The AWEsome Emotion That’s Great for Your Health

New research studied the effects that an upbeat emotion can have on decreasing inflammation in the body. Hint:…

New research studied the effects that an upbeat emotion can have on decreasing inflammation in the body.

Hint: It isn’t happiness.

Innumerable studies have long been conducted on the debilitating effects that negative emotions can have on our health—wreaking havoc on our bodies, over-taxing the nervous system, and increasing inflammation—leading to a host of diseases and even untimely death. While not all negative emotions are bad for you—fear, for instance, can be a vessel for risk-taking and creativity—it is evident that shame, guilt, greed, etc., have no place in our happiness-fueled, healthy lives.

Fortunately yoga and meditation help us live happier, healthier lives with more vitality—and as the old adage goes: laughter is the best medicine. Mindfulness and gratitude have shown that we can replace toxic feelings or negative emotions with something positive to boost our overall happiness quotient. But there isn’t a ton of scientific evidence aside from extensive research on happiness and empathy, that proves the health effects of more exhilarating emotions like awe—until now.

A new study published earlier this year in the journal Emotion, enlisted college freshmen at the University of California, Berkeley to participate in whether the sensations that arise when feeling awe-struck had any impact on their health. The key test for this study was using saliva samples to detect a molecule called interleukin-6 (IL-6), a known cause of inflammation in the body. Therefore it could by hypothesized that low levels of IL-6 equates to less inflammation and optimal health.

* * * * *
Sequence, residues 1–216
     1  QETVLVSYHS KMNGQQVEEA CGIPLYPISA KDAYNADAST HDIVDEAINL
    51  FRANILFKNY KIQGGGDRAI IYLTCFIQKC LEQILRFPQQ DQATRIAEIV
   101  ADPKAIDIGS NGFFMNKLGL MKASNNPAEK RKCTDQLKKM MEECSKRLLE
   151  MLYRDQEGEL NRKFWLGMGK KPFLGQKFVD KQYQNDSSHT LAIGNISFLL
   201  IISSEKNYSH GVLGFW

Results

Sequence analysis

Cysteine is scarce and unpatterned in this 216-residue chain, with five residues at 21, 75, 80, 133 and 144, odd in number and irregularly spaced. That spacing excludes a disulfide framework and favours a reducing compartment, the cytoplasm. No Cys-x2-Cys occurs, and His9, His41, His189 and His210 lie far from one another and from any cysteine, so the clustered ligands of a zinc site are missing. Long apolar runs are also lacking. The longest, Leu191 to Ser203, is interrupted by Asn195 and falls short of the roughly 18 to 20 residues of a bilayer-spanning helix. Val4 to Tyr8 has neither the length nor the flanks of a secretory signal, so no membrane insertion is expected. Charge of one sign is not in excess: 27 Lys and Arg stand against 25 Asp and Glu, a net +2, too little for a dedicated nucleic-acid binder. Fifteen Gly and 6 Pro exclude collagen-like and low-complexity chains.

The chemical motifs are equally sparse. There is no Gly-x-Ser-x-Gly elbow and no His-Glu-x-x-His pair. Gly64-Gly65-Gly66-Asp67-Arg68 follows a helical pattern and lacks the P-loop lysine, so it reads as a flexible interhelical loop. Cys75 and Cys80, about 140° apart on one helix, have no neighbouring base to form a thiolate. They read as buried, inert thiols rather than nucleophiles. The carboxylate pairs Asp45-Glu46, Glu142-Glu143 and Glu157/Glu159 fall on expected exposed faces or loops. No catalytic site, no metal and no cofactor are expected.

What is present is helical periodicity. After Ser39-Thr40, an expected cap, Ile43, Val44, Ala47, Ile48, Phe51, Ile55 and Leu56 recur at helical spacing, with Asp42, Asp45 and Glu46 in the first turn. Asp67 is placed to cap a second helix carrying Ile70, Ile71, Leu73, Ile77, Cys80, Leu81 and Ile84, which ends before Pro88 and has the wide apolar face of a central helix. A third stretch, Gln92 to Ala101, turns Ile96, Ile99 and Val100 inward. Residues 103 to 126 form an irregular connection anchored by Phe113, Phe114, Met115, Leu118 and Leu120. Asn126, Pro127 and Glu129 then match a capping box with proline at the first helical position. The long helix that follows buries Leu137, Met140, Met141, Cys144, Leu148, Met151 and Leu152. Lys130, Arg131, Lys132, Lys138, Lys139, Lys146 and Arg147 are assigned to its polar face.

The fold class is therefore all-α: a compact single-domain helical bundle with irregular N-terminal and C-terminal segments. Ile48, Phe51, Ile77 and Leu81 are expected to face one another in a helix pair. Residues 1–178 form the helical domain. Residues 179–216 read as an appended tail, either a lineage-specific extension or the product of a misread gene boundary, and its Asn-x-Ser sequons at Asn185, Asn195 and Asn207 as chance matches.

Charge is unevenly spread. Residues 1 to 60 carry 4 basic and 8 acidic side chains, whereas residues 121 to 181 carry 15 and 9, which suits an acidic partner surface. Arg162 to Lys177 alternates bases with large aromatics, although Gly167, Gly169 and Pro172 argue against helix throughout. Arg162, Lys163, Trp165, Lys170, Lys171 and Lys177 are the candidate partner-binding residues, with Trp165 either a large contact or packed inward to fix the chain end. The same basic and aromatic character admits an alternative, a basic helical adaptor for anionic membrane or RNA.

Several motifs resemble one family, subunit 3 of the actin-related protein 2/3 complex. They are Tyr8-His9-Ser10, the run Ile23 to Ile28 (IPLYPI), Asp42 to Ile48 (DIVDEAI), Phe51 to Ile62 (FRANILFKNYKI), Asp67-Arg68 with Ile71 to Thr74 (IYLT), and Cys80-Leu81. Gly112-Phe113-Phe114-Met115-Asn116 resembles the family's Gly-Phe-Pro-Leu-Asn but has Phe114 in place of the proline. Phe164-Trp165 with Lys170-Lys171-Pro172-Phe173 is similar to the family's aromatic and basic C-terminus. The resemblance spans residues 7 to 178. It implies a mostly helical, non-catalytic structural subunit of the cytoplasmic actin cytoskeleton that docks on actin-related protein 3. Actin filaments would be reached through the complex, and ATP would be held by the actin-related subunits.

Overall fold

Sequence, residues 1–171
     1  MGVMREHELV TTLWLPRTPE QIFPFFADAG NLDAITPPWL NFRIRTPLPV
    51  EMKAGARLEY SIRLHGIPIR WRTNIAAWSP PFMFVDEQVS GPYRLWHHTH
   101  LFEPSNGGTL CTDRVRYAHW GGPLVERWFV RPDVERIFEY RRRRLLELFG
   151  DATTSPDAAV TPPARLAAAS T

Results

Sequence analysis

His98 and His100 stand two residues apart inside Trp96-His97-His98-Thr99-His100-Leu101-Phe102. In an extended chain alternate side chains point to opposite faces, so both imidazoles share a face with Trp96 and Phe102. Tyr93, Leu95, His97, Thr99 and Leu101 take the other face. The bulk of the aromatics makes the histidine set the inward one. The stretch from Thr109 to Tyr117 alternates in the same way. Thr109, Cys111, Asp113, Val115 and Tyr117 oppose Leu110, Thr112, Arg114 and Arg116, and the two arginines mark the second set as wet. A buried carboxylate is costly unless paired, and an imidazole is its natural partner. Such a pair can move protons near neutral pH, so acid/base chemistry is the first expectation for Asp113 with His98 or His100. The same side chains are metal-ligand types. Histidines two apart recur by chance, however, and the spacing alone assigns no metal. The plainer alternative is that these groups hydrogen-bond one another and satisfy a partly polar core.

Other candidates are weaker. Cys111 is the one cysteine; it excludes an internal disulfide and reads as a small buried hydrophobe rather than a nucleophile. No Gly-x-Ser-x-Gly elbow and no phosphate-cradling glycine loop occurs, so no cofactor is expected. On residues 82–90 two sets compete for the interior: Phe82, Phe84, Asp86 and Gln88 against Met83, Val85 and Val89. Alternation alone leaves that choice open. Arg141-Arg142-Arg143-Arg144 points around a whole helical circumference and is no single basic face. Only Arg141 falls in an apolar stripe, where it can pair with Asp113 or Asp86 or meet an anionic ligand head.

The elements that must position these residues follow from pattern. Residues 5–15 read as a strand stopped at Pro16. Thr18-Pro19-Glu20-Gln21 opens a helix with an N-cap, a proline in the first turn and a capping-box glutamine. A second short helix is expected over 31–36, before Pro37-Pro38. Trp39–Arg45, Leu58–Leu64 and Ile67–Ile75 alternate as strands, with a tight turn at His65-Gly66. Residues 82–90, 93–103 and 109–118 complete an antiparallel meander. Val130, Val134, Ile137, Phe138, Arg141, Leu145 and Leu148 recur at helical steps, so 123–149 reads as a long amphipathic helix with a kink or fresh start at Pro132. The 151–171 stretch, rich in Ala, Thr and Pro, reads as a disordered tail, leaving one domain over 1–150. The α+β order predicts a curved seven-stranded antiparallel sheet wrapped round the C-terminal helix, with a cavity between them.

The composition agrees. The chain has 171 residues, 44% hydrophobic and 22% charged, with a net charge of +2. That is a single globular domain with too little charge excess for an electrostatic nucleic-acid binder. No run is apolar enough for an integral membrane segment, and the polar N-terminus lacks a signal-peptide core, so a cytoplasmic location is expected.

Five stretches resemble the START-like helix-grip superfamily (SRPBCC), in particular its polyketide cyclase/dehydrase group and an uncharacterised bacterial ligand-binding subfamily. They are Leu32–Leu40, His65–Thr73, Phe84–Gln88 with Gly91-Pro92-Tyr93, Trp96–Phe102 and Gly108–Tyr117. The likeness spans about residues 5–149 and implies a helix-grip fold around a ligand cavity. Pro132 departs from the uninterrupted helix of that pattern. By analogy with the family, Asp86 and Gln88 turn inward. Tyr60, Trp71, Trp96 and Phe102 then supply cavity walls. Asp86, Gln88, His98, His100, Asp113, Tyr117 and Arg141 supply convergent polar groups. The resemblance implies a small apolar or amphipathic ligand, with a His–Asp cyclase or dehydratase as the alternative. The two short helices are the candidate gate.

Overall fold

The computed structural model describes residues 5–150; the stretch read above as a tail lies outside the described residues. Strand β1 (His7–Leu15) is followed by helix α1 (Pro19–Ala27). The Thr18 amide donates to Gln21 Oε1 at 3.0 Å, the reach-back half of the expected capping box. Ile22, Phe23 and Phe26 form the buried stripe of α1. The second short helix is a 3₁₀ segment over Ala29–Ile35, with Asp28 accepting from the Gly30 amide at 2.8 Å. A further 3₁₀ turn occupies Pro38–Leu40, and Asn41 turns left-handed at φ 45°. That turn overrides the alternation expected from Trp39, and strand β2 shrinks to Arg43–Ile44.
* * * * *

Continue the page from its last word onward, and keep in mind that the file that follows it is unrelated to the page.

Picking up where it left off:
The New York Times Well blog breaks down the study for us: 

Ninety-four Berkeley students were recruited to fill out questionnaires about how frequently during the past month they felt various positive and negative emotions, like hostility, enthusiasm and inspiration. As anticipated, when students’ moods were checked against their IL-6 levels, those who had experienced more positive emotions generally had lower levels of IL-6 than classmates whose moods were more frequently sour.

Researchers next enlisted 119 students to complete more elaborate questionnaires about their normal dispositions and the extent to which they had recently felt seven specific emotions: awe, amusement, compassion, contentment, joy, love and pride. While happy moods were collectively still associated with low IL-6 levels, the strongest correlation was with awe. The more frequently someone reported having felt awe-struck, the lower the IL-6.

Awesome! What’s more is that feeling sensations of awe is easily within reach—even for the stressed out and over-scheduled types. Think of all the things that give you goosebumps: an epic sunset, your favorite song, a moment in a movie that makes you well up with tears. Awe is available to us whenever we need it. And now that we know those tingly feelings are actually really good for us, it’s a reminder to stop and look up, pause in wonder and marvel at the beauty that surrounds us, and listen more carefully.

AndreaRiceNewHeadshotAndrea Rice is the Practice and Community Editor for Wanderlust Media. She is also a freelance writer, editor and yoga teacher. Her work has also appeared in The New York Times, Yoga Journal, SONIMA, mindbodygreen, and a variety of online publications. You can find her regular classes at shambhala yoga & dance center in Brooklyn and connect with her on Instagram and Twitter